Pro-Orban media fails to question Putin ties ahead of tight April 3 election

Pro-Orban media fails to question Putin ties ahead of tight April 3 election

Often unreliable polling suggests Hungary’s populist prime minister Viktor Orban has a slender lead ahead of the April 3 general election.

Orban has claimed the six-party opposition coalition is keen to engage Hungary in the Ukrainian war. Orban’s control of the conventional media leaves little space to question his close ties with Russian dictator Vladimir Putin.

In Hungary, after the Russian invasion of Ukraine on February 24 the state news agency, the Hungarian Telegraph Office (MTI) instead of using the word “war”, described a “Russian military operation”. During the first five days of the war, the agency referred to a “Russian military operation” (orosz hadművelet) 431 times, according to Zsuzsanna Wirth of the investigative media group Direkt36, who follows how Orban’s government controls MTI.

After criticism, MTI began to use “war” in its Ukraine coverage.

“We cannot get between the Ukrainian anvil and the Russian hammer,” Orban told his supporters, using an unfortunate image.

Some analysts question whether an Orban victory will be enough to revive western populism since the Ukraine invasion. A new rift has opened with Poland’s populist PiS, which favours a tougher approach to Putin.

Hungary’s parliamentary constituencies are highly gerrymandered to favour the ruling Fidesz party.

Gergely Karacsony, the anti-Orban mayor of Budapest, said the opposition needs to win the popular vote by three or four percentage points to secure a majority in parliament.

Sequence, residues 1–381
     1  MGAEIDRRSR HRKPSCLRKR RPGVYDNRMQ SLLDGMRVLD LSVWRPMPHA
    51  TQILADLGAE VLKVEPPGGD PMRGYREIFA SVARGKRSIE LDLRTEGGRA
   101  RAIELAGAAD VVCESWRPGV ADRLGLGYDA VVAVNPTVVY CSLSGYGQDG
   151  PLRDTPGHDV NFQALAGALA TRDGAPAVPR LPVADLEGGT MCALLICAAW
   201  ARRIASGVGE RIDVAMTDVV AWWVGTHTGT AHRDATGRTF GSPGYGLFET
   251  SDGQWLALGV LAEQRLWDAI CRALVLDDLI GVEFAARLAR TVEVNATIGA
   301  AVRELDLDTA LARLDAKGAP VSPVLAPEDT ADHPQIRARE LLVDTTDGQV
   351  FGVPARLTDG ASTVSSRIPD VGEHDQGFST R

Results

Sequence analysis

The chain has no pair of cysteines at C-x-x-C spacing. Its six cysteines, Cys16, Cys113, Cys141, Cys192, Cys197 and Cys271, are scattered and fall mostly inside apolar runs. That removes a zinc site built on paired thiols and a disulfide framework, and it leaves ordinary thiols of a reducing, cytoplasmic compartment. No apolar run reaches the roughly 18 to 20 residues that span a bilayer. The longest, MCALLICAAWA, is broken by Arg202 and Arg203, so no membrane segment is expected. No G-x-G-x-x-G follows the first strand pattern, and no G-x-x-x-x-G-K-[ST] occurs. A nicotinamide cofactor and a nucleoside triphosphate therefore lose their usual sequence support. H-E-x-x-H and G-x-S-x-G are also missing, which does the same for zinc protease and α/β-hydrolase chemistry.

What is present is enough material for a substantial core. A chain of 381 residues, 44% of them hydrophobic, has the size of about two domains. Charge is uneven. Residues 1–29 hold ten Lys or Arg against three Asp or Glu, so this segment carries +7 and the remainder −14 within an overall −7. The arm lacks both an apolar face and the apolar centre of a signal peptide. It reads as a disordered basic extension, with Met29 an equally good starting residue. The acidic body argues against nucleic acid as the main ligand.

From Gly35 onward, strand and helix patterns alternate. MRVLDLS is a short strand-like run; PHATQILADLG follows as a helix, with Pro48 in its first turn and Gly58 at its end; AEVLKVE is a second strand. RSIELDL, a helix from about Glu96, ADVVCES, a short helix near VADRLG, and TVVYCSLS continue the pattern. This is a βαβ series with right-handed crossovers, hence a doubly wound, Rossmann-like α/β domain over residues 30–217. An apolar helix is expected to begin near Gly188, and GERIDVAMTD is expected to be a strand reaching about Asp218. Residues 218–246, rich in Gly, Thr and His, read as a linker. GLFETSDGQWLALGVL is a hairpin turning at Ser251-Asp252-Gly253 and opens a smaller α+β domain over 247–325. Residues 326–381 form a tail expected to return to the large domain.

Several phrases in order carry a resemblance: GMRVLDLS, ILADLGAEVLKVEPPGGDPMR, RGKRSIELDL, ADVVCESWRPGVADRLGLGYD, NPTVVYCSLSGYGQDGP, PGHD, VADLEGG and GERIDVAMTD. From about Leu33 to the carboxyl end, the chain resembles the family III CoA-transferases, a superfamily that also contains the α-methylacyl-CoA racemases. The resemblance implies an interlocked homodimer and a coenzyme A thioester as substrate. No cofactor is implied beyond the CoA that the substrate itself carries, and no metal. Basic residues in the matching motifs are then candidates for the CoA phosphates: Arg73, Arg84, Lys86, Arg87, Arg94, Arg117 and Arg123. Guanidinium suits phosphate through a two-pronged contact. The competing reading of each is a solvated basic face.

Opposition leader Peter Marki-Zay, 49, the centre-right mayor of the southern town of Hodmezovasarhely and a Catholic father of seven, says voters have been told to fear change.

Marki-Zay said he has not been invited to appear on television since 2019, while Fidesz portrays him as a danger to Hungarian values.

He says he wants lower taxes and a decentralised government and has been hard to dismiss as a mouthpiece for the metropolitan elite that Orban leads culture wars against.

“Putin and Orban belong to this autocratic, repressive, poor and corrupt world,” Marki-Zay told the New York Times. “And we have to choose Europe, west, Nato, democracy, rule of law, freedom of the press, a very different world.”

Marki-Zay says Orban has told voters the opposition will send their children to fight in Ukraine and allow sex-change surgery for preschoolers without parental consent.

Marki-Zay says voters are frightened by the media campaign. “They hate. I meet such people every day during this campaign. People who are just shouting profanities. You can feel the hatred, and you can see in their eyes how fearful they are of Orban losing the election,” he told the Times.

Putin and Orban. Picture credit: YouTube

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